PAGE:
ABOVE: An adult albatross fitted with a transmitter
ALEXANDRE CORBEAU

Scientists led by Henri Weimerskirch of the Centre d’Etudes Biologiques de Chizé in France equipped 169 albatrosses with state-of-the-art transmitters and logged the birds’ GPS locations as they flew over the Southern Ocean. The goal was to create an albatross patrol force that could detect illegal fisheries, which attract the birds and can negatively affect ocean ecosystems by contributing to overfishing. 

Radar signals from the albatrosses coupled with public data from the vessels’ Automatic Identification Systems revealed that roughly one-third of the fishing vessels located were non-declared and illegal, the authors report in a study published Monday (January 27) in PNAS.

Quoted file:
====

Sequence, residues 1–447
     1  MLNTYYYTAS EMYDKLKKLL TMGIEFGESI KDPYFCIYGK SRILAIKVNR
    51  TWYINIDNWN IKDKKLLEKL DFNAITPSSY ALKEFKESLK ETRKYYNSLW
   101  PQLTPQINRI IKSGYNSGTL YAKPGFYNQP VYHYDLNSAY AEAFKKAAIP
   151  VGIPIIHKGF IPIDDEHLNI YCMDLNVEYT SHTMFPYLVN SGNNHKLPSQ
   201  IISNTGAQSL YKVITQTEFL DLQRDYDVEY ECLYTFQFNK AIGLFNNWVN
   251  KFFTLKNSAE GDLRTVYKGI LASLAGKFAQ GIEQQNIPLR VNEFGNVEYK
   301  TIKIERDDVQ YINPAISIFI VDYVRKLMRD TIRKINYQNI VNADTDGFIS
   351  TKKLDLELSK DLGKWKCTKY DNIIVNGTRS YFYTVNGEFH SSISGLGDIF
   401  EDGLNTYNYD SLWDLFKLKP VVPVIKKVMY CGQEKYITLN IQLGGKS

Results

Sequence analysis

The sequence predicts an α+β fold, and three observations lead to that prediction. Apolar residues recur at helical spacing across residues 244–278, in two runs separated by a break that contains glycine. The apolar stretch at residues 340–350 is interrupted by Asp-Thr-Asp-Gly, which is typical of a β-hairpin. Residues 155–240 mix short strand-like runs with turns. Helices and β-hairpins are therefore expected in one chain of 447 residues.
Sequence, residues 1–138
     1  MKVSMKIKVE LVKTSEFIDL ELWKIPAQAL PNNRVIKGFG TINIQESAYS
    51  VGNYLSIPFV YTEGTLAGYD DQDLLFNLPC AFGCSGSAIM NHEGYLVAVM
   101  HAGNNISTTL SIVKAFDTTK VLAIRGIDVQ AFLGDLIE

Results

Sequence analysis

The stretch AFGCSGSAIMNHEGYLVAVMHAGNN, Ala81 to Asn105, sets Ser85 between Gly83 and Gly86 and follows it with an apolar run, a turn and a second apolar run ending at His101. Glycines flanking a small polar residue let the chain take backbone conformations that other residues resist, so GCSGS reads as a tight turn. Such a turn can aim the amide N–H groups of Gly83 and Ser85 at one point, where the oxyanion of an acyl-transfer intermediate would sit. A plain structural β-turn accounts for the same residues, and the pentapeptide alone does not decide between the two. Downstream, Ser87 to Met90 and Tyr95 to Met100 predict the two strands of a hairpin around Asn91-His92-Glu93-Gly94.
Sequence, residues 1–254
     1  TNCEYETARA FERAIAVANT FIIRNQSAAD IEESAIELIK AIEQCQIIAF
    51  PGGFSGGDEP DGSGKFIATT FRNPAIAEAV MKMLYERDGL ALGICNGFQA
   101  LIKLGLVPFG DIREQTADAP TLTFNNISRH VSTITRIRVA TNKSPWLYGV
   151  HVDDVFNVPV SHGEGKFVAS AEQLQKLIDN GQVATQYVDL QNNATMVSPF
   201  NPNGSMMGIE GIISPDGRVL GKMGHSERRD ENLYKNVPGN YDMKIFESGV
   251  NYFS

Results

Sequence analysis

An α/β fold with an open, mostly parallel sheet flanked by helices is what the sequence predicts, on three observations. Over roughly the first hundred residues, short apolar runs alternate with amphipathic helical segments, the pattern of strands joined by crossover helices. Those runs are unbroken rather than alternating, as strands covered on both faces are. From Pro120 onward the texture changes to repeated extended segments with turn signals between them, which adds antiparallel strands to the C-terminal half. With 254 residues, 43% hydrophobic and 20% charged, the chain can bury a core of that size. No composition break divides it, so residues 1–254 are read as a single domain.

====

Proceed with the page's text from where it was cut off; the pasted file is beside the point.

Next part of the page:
The research team concludes that “the development of technologies applied to conservation make operational conservation possible and could be used in other animal taxa such as sea turtles or sharks, where conservation actions and independent bycatch locations...

H. Weimerskirch et al., “Ocean sentinel albatrosses locate illegal vessels and provide the first estimate of the extent of nondeclared fishing,” PNAS, doi:10.1073/pnas.1915499117, 2020.

Amy Schleunes is an intern at The Scientist. Email her at aschleunes@the-scientist.com.

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